30. Hi, I am the custodial parent of two children age 3 and 8. My ex husband and I have a court-ordered agreement that he could claim both children last year and this year and after that each of us claims 1 child each year. Last year I claimed dependent care and filed HOH. I sent the 8332 forms to the IRS to allow him to claim them. This year, my return was just rejected because “someone else” has claimed the children for dependent care on their taxes. The IRS informed me to send in a paper return with proof that I am the custodial parent and they will make sure I get the credit and deal with him accordingly. My questions are: He has been ordered by the court to pay half of daycare although I paid $1,000 more than he did last year. 1. Do I list only the amount that I paid in daycare fees on my taxes, or can I list the entire amount paid between the two of us? I don’t know if it will make a big difference because of the credit limit of $600 per child. I paid over $7000. 2. By me submitting a paper return with proof does that automatically initiate an audit process? I asked him if he claimed them. He refuses to respond to me so at this point I have no other choice. I have not submitted the 8332 forms yet and I think I will wait to submit them until this is cleared up. Thank you!

  31. Hi Jacqueline,
    You tried to send him the 8332. You did your part. And – if he owes back child support – if he has a refund coming on his taxes, the IRS would take his refund to pay the child support. So, you’re right, if he doesn’t file – you don’t get his refund.

    This is what I would do – I would file your return the way you are supposed to – not claiming the exemption and the child tax credit. Do claim head of household and EIC because you are still entitled to it. Then, after you’ve gotten your refund – and maybe wait until after April 15th – I would file an amended return claiming your child’s exemption and child tax credit. In the explanation in the 1040X, I would say “claiming child’s exemption and the child tax credit as the non-custodial parent chose not to claim him.”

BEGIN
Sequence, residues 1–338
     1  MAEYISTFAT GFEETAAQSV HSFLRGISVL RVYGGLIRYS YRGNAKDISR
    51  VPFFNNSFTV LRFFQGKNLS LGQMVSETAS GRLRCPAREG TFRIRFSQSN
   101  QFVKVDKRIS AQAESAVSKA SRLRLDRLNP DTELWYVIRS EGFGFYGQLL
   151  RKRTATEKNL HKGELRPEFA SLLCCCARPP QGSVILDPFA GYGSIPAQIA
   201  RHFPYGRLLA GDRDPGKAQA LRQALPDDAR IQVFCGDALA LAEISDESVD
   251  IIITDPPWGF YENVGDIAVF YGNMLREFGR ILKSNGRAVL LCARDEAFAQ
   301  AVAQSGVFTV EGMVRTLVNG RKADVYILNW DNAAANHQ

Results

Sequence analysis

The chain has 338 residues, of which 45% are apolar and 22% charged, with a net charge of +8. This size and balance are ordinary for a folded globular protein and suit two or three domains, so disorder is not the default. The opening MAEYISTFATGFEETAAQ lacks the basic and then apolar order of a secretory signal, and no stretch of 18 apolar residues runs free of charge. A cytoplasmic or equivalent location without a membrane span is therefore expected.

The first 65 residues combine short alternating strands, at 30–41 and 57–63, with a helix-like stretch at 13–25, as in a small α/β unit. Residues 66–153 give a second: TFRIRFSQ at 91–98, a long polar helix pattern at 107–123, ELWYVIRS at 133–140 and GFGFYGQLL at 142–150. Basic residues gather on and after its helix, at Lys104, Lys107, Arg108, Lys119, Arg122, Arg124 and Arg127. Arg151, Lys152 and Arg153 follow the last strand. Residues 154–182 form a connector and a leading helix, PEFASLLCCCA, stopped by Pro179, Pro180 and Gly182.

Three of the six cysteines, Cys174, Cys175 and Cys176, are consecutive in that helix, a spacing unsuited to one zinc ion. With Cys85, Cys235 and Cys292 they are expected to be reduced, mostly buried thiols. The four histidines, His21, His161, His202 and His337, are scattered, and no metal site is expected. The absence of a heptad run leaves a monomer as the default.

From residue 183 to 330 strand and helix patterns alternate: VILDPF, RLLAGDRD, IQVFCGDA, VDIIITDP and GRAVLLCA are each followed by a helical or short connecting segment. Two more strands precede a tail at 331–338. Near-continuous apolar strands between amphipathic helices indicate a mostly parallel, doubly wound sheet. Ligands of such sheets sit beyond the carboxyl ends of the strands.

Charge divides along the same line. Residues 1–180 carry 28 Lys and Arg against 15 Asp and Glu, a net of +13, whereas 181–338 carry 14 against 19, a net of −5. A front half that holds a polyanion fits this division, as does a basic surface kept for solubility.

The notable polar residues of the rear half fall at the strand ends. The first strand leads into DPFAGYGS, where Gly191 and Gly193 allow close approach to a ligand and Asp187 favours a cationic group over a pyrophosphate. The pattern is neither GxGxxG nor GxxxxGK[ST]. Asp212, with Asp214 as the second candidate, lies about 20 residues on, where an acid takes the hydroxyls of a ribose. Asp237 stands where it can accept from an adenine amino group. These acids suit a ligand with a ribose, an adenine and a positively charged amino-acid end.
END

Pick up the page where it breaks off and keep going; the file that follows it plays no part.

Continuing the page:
Why do it this way? It covers your backside. If your ex is claiming the exemption – you filed a proper return and the amended return will be rejected. If your ex didn’t claim the exemption – you’re out his refund money – so you should claim what’s yours. And by spelling it out on the 1040X – you’re being completely open and transparent about what you’re doing and why.

  32. Hi Justin,
    You should be able to e-file your return. You just need to have the 8332 available to mail in if the IRS asks for it. What software are you using? Why don’t you try the one on my website: Do Your Own Taxes You can try it for free. Maybe you’ll get the answer you need there.

  33. Hi Jenn,
    Ahem. I’m not a lawyer, but it seems to me that just paying this month’s child support does not qualify as being “current.”

    But, since I’m not a lawyer, lets talk about IRS stuff. A divorce decree that has conditions won’t hold up with the IRS. You would have to issue your ex a form 8332 for him to be able to claim the kids – so, you would be fine claiming them yourself (as far as the IRS is concerned.)

  34. HI, I have a court order saying my child’s father claim one of my children. However, I’m not in contact with him. I’m willing to sign the 8332 form allowing him to get whatever credits, but I get no response back from him. Should I still file the 8332 form with my taxes? I think he maybe trying to evade paying back child support. Meaning if he doesn’t claim the child then I won’t get his tax return? Is that an accurate statement?

  35. I am filling out my taxes and when I say Im the non custodial parent it requires me to get form 8332 filled out and I have that but it wont let me see what my amount is of my return when claiming my child why? How will I know how much of a return I am to receive? And why can’t I just e-file form 8332 with my tax return why does it have to be mailed?

  36. If in our decree it stated the non custodial parent can claim the kid for even years if he is caught up on his child support obligation. He has never claimed the kid the other 8 years and paid support very sporadically, but this year he wants to. However he still owes me $17,987.27 but he paid this months child support. I think I should just keep filing and claiming her and work it out if the IRS asks me anything. Does that sound right?

  37. Hi Kay,
    If you ex claims your girls in even years and you claim the boys in odd years – well who claims the boys in even years? Sorry – I just got confused there.

    To answer your real question, if your ex says that he can’t claim your girls this year – and he’s giving the exemption back to you. Have him put it in writing for you He doesn’t need to sign an 8332 for you – because you’re the custodial parent. But you should have him write you some type of note just to keep in your files.